As Americans across the nation celebrated Thanksgiving this past weekend, many immigrants are also thankful. Whereas most Americans sat at tables overladen with food, in heated homes with an abundance of material goods, surrounded by family and friends, many immigrants sat alone, separated from their children, detained in makeshift, overcrowded detention centers, cold, confused and afraid. Yet, many of those immigrants are still more thankful than we Americans are. After surviving violence, hunger, persecution and perilous journeys for thousands of miles to the U.S., they are simply thankful to be alive. To stay alive… that is why many people become immigrants.
Similarly, hungry, persecuted Englishmen and women, refugees, escaping violence, made a perilous journey on the Mayflower to this land in Massachusetts in 1620. One year later, they celebrated, thankful to simply be alive with the help of the local Native Americans who showed them how to survive in a foreign land. Those refugees were the first thankful immigrants to the U.S. Those refugees were also the first Americans. For a nation founded by refugees, we have found ourselves in a deplorable situation of self-denial. Reducing the number of refugees we will admit in the U.S. in 2020 to 18,000 from 85,000 under the previous administration, is an insult to the founders of this nation. With the imposition of impossible mandates on immigration judges to review matters from this Administration’s 1 million backlogged cases (doubled from the previous administration’s backlog) in addition to this Administration’s refusal to timely approve employment authorizations for those persons eligible by law, the government is creating a sub-class of immigrants who will have to wait in limbo for years before being able to fully integrate into U.S. communities. American approach to immigration is not composed of solutions… only roadblocks. Yet, this crisis will not simply disappear.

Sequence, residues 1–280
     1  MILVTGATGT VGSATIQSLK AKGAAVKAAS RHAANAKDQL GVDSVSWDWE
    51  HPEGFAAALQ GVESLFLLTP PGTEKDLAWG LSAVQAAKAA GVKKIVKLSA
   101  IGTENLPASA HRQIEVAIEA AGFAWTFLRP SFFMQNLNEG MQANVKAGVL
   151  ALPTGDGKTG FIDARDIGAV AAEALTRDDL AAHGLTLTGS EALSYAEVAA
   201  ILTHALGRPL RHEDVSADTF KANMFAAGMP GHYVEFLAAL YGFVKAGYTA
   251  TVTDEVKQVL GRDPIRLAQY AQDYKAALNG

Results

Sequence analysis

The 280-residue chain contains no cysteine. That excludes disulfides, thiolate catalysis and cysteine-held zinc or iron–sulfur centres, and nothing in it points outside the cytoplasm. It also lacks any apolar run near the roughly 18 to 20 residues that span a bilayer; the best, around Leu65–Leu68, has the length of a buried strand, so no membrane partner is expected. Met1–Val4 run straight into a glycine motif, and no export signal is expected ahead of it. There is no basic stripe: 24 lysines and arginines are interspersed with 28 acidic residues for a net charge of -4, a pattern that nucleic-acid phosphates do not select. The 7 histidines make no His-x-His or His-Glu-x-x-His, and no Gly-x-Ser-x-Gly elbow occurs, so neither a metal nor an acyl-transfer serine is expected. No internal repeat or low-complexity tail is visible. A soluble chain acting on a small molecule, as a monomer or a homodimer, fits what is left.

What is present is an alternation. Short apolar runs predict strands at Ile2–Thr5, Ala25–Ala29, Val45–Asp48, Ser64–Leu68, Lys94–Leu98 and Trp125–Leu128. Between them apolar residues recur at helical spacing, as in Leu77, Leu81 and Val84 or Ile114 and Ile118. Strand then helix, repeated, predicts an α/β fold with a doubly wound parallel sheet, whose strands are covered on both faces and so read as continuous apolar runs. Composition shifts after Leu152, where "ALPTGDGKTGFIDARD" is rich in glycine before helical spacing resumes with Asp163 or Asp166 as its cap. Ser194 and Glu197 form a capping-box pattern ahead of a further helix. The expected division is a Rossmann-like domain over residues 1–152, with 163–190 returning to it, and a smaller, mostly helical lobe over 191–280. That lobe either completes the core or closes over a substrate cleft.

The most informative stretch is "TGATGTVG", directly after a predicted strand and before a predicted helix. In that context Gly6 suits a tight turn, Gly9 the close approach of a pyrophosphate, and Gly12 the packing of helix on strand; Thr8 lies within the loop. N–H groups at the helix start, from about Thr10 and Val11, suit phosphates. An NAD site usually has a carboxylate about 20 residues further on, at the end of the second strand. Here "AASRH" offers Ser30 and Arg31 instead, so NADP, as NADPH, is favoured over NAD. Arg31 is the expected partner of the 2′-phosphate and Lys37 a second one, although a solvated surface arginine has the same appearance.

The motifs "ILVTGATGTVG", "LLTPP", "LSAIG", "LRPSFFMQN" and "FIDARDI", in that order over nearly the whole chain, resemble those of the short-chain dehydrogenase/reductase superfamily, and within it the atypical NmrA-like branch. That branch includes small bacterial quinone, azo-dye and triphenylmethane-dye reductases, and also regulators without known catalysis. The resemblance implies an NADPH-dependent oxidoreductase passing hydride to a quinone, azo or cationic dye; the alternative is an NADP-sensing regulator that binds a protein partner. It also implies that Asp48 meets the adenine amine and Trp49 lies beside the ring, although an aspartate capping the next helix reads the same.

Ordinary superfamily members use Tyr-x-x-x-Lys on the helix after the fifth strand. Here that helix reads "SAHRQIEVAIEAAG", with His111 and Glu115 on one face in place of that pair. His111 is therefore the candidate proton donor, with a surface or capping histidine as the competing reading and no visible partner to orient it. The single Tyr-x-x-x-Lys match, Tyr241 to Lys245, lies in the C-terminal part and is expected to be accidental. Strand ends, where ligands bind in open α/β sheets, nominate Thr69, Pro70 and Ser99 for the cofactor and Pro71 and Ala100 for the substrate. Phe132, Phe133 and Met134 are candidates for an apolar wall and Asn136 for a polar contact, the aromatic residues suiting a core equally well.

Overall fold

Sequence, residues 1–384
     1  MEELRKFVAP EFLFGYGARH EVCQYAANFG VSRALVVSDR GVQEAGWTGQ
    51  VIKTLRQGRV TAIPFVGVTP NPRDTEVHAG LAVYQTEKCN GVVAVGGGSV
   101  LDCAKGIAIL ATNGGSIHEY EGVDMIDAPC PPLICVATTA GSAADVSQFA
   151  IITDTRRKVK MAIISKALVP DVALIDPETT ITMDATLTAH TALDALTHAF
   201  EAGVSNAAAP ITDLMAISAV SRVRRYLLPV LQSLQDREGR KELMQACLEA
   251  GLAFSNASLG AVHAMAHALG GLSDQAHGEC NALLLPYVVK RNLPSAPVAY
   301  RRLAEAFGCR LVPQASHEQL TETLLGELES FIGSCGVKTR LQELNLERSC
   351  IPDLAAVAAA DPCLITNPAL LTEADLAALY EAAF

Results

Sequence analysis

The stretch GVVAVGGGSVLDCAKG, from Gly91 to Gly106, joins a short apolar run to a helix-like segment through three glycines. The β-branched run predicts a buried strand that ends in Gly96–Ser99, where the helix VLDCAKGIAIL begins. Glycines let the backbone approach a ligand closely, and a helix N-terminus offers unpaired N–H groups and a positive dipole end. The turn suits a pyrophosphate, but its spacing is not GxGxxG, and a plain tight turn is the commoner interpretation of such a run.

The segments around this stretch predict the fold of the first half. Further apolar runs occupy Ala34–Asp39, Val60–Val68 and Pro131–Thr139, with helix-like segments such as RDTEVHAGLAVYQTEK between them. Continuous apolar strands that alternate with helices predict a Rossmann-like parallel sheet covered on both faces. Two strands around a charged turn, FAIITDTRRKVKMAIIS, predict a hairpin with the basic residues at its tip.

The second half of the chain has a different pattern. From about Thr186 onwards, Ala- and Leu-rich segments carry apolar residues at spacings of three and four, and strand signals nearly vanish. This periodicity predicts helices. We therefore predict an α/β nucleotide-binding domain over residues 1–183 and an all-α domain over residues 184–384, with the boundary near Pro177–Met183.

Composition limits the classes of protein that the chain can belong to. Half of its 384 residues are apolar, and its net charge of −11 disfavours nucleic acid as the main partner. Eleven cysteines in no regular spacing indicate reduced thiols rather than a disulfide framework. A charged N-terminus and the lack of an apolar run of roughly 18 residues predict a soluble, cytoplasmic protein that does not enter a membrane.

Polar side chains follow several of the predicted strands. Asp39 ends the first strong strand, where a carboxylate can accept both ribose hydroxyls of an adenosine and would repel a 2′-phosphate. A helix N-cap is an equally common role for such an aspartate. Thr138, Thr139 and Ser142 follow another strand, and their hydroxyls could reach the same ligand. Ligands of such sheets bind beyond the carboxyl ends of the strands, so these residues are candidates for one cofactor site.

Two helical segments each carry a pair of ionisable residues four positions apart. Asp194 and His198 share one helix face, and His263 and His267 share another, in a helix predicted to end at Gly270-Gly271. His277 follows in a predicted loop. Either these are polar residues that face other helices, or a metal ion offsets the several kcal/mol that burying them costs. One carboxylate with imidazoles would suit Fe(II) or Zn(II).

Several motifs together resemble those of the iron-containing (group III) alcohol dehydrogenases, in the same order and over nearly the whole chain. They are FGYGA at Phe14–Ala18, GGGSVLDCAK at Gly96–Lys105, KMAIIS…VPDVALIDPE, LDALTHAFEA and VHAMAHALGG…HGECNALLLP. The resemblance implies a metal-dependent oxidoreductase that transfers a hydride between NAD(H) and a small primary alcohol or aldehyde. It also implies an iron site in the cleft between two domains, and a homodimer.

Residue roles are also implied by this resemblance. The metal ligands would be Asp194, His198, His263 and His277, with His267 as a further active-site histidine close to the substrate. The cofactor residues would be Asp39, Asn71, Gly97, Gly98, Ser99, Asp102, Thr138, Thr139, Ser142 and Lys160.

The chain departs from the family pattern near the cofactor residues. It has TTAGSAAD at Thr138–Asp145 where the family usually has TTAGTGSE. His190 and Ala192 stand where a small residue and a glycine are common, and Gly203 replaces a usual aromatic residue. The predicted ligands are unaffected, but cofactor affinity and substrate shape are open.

The problems around the world that are forcing populations of people to be displaced are continuing and immigration is on a rise worldwide despite the implementation of anti-immigrant policies, even in Europe. The reality is that in a world where people can fly from one continent to another in hours, the world will have to come together to develop effective long-lasting migrant and immigrant policies. More particularly to us, as long as people find themselves in hopeless situations, some will try to find hope on our shores. It is time for us to take action and resolve immigration in a way that works for everyone. As a nation, this is what we should ask of those seeking to serve us in 2020. It is something we all would be thankful for.
By The Immigration Post – Chief Editor